11. ^ Cheney, Iris. Review of "Raphael's Cartoons in the Collection of Her Majesty The Queen and the Tapestries for the Sistine Chapel" by John Shearman". The Art Bulletin, Volume 56, No. 4, December 1974. 607-609.
  12. ^ Talvacchia, 150.
  13. ^ Talvacchia, 80.
  14. ^ Hall, Marcia B. Rome: Artistic Centers of the Italian Renaissance. London: Cambridge University Press April 18, 2005. 138.
  15. ^ Talvacchia, 152.
  16. ^ Seymour, 70.
  17. ^ a b Deimling, 33-34.
  18. ^ wikisource Matthew:16
  19. ^ Earls, Irene. Renaissance Art: A Topical Dictionary. Greenwood Press, November 13, 1987. 127. ISBN 0-3132-4658-0
  20. ^ "Perugino". UXL Encyclopedia of World Biography, 2003. Retrieved on June 02, 2008.
  21. ^ Coonin, Arnold Victor. "The Interaction of Painting and Sculpture in the Art of Perugino". Artibus et Historiae, Volume 24, No. 47, 2003. 103-104.
  22. ^ Wright, Lawrence. Perspective in Perspective. Routledge, April 1983. 104. ISBN 0-7100-0791-4
  23. ^ Stinger, Charles L. The Renaissance in Rome. Indiana University Press, 1998. 205. ISBN 0-2532-1208-1
  24. ^ Deimling, 33-34.
  25. ^ Deimling, 33.
  26. ^ Stollhans, Cynthia. "Michelangelo's Nude Saint Catherine of Alexandria". Woman's Art Journal, Volume 19, No. 1, Spring-Summer, 1998. 26-30.
  27. ^ Dixon, 1.
  28. ^ Dixon, xii
  29. ^ Dixon, 2.
  30. ^ Condivi, Ascanio.Life, Letters, and Poetry. London: Oxford Paperbacks, January 07, 1999. 64-66. ISBN 0-1928-3770-2
  31. ^ Vasari, Giorgio & Bull, George & Anthony, George. Lives of the artists. Penguin Classics, August 27, 1987. 379. ISBN 0-1404-4500-5
  32. ^ Simon, Marlise. "Vatican Restorers Are Ready for 'Last Judgment'". New York Times, June 19, 1991. Retrieved on June 02, 2008.

is the 314th day of the year (315th in leap years) in the Gregorian calendar. ... Year 2006 (MMVI) was a common year starting on Sunday of the Gregorian calendar. ... is the 76th day of the year (77th in leap years) in the Gregorian calendar. ... Year 2005 (MMV) was a common year starting on Saturday (link displays full calendar) of the Gregorian calendar. ... 2 June is the 153rd day of the year in the Gregorian calendar (154th in leap years), with 212 days remaining. ... 2008 (MMVIII) is the current year, a leap year that started on Tuesday of the Anno Domini (or common era), in accordance with the Gregorian calendar. ... May 1 is the 121st day of the year in the Gregorian calendar (122nd in leap years). ... Year 1993 (MCMXCIII) was a common year starting on Friday (link will display full 1993 Gregorian calendar). ... is the 108th day of the year (109th in leap years) in the Gregorian calendar. ... Year 2005 (MMV) was a common year starting on Saturday (link displays full calendar) of the Gregorian calendar. ... is the 317th day of the year (318th in leap years) in the Gregorian calendar. ... This article is about the year 1987. ... 2 June is the 153rd day of the year in the Gregorian calendar (154th in leap years), with 212 days remaining. ... 2008 (MMVIII) is the current year, a leap year that started on Tuesday of the Anno Domini (or common era), in accordance with the Gregorian calendar. ... January 7 is the 7th day of the year in the Gregorian calendar. ... Events of 2008: (EMILY) Me Lesley and MIley are going to China! This article is about the year. ... is the 239th day of the year (240th in leap years) in the Gregorian calendar. ... This article is about the year 1987. ... The New York Times is an internationally known daily newspaper published in New York City and distributed in the United States and many other nations worldwide. ... is the 170th day of the year (171st in leap years) in the Gregorian calendar. ... Year 1991 (MCMXCI) was a common year starting on Tuesday (link will display full calendar) of the Gregorian Calendar. ... 2 June is the 153rd day of the year in the Gregorian calendar (154th in leap years), with 212 days remaining. ... 2008 (MMVIII) is the current year, a leap year that started on Tuesday of the Anno Domini (or common era), in accordance with the Gregorian calendar. ...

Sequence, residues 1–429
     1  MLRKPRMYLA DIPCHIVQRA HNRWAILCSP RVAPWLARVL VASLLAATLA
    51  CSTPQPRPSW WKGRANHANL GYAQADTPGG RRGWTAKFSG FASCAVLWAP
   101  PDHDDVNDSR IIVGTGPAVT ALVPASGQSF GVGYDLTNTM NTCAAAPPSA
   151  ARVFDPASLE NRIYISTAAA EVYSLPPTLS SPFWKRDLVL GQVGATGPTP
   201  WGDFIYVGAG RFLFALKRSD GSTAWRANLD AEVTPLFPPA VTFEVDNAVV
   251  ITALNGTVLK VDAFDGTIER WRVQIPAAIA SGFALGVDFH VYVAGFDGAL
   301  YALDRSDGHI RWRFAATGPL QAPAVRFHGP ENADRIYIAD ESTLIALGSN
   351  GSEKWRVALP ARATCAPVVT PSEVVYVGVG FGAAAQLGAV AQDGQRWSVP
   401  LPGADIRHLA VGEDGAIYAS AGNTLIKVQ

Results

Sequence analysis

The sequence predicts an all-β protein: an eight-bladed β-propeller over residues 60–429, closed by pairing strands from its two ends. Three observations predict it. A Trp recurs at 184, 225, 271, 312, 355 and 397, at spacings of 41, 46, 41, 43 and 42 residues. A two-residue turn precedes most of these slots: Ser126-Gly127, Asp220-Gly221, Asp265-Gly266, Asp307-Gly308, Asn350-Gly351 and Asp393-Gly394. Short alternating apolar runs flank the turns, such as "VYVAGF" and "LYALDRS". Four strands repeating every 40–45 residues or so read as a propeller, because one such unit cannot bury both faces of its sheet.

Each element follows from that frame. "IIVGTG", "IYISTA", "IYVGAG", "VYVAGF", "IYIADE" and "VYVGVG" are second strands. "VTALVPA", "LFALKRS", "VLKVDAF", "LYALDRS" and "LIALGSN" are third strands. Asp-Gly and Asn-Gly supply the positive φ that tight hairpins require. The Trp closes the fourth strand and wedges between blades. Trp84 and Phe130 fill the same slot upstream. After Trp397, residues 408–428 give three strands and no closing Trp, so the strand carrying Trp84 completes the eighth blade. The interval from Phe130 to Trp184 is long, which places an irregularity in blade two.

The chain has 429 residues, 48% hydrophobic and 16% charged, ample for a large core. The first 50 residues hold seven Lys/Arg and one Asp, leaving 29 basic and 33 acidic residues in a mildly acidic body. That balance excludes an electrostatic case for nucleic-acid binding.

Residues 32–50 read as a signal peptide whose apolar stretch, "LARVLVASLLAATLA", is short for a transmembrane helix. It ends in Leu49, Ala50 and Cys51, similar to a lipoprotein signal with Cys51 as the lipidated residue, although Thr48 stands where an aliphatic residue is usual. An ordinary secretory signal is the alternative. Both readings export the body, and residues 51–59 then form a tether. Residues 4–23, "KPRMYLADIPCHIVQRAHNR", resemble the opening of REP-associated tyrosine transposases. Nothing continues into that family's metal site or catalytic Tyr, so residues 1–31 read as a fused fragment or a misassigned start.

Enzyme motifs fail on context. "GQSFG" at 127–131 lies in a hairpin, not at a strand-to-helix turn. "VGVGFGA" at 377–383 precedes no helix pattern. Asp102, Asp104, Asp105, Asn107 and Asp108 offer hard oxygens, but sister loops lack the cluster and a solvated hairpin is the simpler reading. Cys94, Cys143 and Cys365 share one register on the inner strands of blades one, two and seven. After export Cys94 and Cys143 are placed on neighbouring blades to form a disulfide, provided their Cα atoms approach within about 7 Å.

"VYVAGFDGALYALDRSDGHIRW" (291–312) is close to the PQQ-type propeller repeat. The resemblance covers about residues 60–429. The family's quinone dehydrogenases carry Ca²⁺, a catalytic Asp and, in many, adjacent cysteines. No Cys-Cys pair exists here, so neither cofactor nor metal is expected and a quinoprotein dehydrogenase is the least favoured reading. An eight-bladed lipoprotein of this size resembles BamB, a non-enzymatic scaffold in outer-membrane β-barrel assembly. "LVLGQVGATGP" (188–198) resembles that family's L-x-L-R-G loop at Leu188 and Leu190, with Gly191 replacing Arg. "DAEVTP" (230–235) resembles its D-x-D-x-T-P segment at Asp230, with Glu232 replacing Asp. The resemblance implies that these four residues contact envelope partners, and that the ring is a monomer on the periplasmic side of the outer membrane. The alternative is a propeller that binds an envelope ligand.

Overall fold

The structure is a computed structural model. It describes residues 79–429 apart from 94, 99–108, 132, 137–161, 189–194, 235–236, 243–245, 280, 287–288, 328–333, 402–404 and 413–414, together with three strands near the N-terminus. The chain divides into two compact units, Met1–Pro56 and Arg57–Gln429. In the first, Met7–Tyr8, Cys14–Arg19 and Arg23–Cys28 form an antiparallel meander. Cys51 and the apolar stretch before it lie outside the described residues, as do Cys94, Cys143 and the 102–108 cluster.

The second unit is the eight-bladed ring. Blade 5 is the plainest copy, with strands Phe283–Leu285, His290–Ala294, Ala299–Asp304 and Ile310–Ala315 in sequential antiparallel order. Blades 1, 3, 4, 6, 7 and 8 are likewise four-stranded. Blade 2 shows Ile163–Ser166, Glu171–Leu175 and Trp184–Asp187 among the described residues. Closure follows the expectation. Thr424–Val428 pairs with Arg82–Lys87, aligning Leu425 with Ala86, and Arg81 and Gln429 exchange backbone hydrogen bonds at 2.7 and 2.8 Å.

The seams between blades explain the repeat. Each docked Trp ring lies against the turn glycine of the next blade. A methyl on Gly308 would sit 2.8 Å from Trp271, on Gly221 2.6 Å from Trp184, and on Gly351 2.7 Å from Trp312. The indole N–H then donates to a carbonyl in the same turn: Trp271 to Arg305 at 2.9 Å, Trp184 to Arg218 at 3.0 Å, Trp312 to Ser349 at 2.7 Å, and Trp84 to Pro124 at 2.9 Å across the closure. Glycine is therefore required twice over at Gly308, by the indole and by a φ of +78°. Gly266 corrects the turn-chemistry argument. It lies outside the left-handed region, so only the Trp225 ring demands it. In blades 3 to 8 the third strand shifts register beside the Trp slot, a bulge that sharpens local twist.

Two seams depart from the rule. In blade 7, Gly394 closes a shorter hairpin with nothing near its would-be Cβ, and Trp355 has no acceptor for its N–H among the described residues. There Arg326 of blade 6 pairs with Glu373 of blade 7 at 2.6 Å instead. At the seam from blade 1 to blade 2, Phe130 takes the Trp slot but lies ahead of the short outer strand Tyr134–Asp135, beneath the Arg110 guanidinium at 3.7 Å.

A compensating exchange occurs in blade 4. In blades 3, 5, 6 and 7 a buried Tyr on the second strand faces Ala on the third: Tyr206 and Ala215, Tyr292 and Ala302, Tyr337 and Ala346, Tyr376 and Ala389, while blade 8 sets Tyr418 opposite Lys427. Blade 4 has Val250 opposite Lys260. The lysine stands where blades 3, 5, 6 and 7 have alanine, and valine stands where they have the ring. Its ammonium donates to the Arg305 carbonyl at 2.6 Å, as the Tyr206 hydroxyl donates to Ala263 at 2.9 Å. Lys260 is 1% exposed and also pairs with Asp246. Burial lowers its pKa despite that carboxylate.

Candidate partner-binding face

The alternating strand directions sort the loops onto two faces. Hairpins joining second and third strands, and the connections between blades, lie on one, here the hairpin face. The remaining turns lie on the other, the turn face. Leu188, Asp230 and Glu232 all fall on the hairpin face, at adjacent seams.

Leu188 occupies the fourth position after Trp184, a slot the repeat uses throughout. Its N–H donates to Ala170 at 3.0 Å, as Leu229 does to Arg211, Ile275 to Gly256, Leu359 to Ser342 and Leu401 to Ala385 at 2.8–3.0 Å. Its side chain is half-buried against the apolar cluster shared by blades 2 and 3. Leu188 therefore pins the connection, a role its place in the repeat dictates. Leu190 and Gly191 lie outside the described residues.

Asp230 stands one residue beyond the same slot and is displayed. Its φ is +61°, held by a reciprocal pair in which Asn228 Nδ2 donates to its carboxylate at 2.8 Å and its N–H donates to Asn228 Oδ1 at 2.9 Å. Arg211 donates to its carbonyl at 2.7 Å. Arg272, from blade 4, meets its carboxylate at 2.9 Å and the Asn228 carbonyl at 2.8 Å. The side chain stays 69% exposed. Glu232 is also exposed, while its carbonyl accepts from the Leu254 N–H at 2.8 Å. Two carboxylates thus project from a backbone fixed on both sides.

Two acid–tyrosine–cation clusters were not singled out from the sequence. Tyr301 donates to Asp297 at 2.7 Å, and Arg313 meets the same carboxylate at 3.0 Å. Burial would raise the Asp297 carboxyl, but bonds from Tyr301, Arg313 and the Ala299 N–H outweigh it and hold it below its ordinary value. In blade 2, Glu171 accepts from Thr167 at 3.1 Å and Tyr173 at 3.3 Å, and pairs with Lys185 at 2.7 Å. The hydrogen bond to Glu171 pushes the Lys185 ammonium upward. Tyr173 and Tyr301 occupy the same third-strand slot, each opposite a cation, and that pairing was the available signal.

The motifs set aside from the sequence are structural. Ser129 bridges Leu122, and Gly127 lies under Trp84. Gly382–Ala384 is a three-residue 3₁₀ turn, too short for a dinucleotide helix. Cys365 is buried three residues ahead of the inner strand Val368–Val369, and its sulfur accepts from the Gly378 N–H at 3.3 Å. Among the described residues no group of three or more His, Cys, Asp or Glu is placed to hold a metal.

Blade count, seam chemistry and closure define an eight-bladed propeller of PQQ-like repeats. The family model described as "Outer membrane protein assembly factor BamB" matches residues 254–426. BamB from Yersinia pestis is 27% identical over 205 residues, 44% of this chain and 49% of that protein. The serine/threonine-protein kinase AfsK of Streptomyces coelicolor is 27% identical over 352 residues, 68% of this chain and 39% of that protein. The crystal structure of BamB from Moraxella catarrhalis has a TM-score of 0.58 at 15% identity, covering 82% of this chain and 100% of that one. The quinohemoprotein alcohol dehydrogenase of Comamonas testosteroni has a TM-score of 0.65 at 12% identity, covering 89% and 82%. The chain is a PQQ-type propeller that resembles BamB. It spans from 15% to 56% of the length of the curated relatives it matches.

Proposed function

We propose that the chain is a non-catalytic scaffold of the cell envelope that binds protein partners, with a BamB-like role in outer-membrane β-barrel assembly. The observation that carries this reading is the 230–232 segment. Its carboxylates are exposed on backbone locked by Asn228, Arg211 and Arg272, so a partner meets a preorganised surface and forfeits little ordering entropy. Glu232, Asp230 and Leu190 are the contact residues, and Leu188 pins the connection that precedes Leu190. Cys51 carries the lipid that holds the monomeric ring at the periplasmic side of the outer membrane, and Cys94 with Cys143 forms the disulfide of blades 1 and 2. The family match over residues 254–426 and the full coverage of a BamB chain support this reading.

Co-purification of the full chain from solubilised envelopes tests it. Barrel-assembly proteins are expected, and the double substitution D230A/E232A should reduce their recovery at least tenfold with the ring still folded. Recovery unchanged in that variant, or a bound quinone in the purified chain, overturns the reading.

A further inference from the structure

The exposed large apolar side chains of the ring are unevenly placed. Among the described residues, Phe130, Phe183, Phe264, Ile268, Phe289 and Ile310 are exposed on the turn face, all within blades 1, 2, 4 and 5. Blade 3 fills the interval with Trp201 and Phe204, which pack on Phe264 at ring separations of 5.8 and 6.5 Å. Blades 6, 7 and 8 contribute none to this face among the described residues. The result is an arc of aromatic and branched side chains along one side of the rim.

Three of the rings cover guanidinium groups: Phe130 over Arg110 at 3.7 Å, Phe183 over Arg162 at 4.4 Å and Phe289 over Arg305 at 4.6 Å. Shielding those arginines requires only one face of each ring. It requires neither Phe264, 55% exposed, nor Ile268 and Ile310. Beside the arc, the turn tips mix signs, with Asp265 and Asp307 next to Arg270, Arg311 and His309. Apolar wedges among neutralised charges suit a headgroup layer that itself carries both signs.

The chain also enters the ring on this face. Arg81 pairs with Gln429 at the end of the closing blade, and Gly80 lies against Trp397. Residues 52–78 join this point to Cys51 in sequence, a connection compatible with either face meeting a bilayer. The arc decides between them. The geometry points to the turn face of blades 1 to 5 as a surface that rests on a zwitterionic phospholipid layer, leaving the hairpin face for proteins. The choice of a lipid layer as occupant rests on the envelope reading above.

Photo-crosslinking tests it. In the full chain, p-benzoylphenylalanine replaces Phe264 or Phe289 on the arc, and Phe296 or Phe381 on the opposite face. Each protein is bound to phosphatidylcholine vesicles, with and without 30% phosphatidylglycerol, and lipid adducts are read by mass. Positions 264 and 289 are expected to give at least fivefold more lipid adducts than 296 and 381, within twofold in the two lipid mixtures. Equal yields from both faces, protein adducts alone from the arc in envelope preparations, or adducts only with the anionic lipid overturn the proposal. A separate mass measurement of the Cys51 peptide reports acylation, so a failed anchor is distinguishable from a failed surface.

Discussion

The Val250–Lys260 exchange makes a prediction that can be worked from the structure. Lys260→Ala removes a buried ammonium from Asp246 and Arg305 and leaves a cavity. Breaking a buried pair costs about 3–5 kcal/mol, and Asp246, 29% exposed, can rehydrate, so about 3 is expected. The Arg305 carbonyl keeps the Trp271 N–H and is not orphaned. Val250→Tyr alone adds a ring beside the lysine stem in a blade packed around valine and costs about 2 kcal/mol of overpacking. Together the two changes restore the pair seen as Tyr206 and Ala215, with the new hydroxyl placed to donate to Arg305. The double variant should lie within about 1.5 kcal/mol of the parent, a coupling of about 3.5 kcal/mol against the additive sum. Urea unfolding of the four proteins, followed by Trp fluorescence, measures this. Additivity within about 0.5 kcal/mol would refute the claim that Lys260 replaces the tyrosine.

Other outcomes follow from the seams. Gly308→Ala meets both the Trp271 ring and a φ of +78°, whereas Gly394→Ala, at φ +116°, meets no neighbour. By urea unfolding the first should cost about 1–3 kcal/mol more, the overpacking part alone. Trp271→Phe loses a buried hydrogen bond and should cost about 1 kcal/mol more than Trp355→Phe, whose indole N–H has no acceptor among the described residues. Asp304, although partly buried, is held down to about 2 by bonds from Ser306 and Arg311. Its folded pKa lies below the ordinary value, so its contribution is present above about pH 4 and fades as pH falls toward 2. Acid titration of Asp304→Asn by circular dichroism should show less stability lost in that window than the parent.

Sources

  • Deimling, Barbara & Botticelli, Sandro & Taschen, Rolf. Sandro Botticelli, 1444/45-1510: 1444/45-1510. Berlin: Taschen, 2000. ISBN 3-8228-5992-3
  • Graham-Dixon, Andrew. Michelangelo And The Sistine Chapel. Weidenfeld & Nicolson, April 03, 2008. ISBN 0-2978-5365-1
  • Giacometti (ed.). The Sistine Chapel. Harmony Books, 1986, ISBN 0-517-56274-X
  • Pietrangeli, Carlo. The Sistine Chapel: The Art, the History, and the Restoration. Harmony, September 04, 1986. ISBN 0-5175-6274-X
  • Seymour, Charles (ed.). Illustrations, Introductory Essays, Backgrounds and Sources, Critical Essays Illustrations, Introductory Essays, Backgrounds and Sources, Critical Essays. New York: W. W. Norton, 1972.